High Dose Rate Brachytherapy in Two 9 Gy Fractions in the Treatment of Locally Advanced Cervical Cancer - a South Indian Institutional Experience

  • Ghosh, Saptarshi (Department of Radiotherapy, GSL Cancer Hospital, GSL Medical College) ;
  • Rao, Pamidimukkala Bramhananda (Department of Radiotherapy, GSL Cancer Hospital, GSL Medical College) ;
  • Kotne, Sivasankar (Department of Radiotherapy, GSL Cancer Hospital, GSL Medical College)
  • Published : 2015.11.04


Background: Although 3D image based brachytherapy is currently the standard of treatment in cervical cancer, most of the centres in developing countries still practice orthogonal intracavitary brachytherapy due to financial constraints. The quest for optimum dose and fractionation schedule in high dose rate (HDR) intracavitary brachytherapy (ICBT) is still ongoing. While the American Brachytherapy Society recommends four to eight fractions of each less than 7.5 Gy, there are some studies demonstrating similar efficacy and comparable toxicity with higher doses per fraction. Objective: To assess the treatment efficacy and late complications of HDR ICBT with 9 Gy per fraction in two fractions. Materials and Methods: This is a prospective institutional study in Southern India carried on from $1^{st}$ June 2012 to $31^{st}$ July 2014. In this period, 76 patients of cervical cancer satisfying our inclusion criteria were treated with concurrent chemo-radiation following ICBT with 9 Gy per fraction in two fractions, five to seven days apart. Results: The median follow-up period in the study was 24 months (range 10.6 - 31.2 months). The 2 year actuarial local control rate, disease-free survival and overall survival were 88.1%, 84.2% and 81.8% respectively. Although 38.2% patients suffered from late toxicity, only 3 patients had grade III late toxicity. Conclusions: In our experience, HDR brachytherapy with 9 Gy per fraction in two fractions is an effective dose fractionation for the treatment of cervical cancer with acceptable toxicity.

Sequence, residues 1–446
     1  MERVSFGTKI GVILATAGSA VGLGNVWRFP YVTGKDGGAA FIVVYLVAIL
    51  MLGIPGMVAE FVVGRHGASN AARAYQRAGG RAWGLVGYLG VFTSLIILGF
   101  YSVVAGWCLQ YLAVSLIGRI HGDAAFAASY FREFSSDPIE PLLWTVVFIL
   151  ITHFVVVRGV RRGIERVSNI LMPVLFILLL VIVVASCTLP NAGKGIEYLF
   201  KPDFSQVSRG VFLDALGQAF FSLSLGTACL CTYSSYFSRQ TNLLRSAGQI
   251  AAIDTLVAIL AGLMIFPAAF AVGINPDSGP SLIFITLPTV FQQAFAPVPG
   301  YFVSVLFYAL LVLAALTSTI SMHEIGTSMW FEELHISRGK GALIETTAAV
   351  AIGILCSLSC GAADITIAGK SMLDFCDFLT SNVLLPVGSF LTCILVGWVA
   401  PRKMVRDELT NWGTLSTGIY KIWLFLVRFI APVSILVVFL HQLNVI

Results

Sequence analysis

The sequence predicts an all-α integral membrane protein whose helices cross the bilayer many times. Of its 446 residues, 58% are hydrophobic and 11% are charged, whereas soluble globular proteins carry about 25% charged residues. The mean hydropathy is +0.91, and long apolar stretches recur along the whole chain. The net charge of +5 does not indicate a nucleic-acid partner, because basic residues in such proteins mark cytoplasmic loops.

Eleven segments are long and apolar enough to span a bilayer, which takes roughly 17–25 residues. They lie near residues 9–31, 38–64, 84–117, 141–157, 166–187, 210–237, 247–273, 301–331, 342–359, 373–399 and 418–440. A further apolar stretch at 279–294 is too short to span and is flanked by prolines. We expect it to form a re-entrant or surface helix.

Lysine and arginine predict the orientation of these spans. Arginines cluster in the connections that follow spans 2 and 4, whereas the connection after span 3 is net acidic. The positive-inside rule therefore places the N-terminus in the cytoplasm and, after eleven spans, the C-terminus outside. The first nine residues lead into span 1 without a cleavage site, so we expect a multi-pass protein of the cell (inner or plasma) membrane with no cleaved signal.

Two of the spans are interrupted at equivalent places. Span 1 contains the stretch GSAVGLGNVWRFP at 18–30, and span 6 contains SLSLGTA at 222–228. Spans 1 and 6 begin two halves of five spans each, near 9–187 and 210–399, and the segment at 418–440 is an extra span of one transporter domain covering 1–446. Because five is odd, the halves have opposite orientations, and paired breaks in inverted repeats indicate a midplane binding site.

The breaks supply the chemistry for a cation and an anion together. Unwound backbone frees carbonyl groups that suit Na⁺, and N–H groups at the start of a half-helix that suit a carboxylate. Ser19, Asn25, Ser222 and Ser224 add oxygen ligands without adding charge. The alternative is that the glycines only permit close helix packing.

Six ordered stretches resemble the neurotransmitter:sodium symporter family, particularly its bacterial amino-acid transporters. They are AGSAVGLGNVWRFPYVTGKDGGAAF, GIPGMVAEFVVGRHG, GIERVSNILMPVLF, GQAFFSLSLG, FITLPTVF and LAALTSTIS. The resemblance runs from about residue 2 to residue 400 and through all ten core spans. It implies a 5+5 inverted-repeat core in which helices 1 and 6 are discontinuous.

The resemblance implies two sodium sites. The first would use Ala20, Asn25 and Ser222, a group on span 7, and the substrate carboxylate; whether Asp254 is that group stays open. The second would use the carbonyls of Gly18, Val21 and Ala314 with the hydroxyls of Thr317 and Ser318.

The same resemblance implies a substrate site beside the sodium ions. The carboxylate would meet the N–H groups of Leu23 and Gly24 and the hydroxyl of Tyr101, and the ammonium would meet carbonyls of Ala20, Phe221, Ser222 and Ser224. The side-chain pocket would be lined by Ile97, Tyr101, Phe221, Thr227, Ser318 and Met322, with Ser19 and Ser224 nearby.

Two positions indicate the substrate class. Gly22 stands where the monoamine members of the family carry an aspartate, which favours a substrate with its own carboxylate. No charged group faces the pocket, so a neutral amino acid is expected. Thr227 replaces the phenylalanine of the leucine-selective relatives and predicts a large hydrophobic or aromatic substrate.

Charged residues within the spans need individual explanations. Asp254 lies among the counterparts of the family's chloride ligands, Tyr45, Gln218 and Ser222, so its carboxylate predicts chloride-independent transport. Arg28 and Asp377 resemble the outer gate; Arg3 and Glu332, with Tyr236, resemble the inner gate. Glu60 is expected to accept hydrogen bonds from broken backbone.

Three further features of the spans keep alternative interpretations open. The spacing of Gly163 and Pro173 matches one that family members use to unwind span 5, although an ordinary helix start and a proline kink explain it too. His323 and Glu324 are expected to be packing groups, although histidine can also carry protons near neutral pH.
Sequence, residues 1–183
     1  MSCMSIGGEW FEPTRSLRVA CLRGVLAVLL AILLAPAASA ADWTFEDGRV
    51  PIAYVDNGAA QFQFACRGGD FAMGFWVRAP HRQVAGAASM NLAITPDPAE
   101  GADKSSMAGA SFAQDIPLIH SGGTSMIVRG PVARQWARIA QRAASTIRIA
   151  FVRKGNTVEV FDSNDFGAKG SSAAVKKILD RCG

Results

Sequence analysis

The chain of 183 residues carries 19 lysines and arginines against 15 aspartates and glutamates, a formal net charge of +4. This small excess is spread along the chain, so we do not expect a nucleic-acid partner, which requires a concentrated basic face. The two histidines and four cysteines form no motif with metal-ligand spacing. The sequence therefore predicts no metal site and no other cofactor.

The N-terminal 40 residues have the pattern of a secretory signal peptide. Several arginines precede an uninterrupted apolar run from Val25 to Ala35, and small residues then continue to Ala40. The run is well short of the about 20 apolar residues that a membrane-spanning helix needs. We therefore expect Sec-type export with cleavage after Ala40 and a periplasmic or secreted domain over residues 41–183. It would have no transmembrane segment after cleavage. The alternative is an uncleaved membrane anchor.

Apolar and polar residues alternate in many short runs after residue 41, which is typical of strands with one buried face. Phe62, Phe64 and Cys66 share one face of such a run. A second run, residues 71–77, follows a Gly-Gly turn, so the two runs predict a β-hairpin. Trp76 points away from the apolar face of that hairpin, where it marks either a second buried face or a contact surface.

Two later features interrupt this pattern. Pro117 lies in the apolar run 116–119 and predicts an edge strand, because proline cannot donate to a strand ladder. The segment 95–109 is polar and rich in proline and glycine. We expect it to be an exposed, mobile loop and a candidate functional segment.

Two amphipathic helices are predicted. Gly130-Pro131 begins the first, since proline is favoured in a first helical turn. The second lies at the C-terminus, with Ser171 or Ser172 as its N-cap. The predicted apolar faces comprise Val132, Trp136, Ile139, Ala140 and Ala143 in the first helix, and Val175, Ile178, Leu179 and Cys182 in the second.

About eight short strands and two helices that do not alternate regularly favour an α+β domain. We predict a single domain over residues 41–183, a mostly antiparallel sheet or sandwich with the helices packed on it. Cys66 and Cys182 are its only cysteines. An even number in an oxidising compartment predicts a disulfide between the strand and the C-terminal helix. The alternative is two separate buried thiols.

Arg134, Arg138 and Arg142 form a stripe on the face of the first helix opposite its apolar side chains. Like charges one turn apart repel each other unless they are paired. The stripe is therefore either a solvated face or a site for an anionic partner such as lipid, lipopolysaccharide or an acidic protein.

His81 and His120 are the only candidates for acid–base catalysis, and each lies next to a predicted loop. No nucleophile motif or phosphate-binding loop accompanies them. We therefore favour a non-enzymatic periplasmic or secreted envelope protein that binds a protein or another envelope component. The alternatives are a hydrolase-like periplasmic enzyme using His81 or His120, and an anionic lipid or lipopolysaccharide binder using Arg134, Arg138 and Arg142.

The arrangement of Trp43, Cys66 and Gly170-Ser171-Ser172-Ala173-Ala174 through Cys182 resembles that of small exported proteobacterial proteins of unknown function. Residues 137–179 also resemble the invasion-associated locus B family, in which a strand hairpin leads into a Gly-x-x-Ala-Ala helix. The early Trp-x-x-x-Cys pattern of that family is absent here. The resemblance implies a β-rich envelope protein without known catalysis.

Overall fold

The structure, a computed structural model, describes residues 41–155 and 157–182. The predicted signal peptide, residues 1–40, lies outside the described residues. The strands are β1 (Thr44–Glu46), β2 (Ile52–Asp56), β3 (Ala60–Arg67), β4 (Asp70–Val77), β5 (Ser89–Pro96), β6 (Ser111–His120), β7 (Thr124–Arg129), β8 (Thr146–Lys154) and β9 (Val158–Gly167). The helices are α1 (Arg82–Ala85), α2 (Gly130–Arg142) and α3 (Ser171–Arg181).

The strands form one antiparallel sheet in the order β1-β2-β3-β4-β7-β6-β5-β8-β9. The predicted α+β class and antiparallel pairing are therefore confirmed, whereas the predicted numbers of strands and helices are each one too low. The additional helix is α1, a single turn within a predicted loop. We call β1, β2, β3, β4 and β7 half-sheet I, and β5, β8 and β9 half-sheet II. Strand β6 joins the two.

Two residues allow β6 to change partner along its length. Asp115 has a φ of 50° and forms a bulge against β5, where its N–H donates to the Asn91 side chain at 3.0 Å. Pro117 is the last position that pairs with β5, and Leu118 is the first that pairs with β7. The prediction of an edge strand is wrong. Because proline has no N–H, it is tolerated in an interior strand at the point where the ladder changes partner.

High dose rate brachytherapy;two fractions;treatment efficacy;late toxicity;cervical cancer


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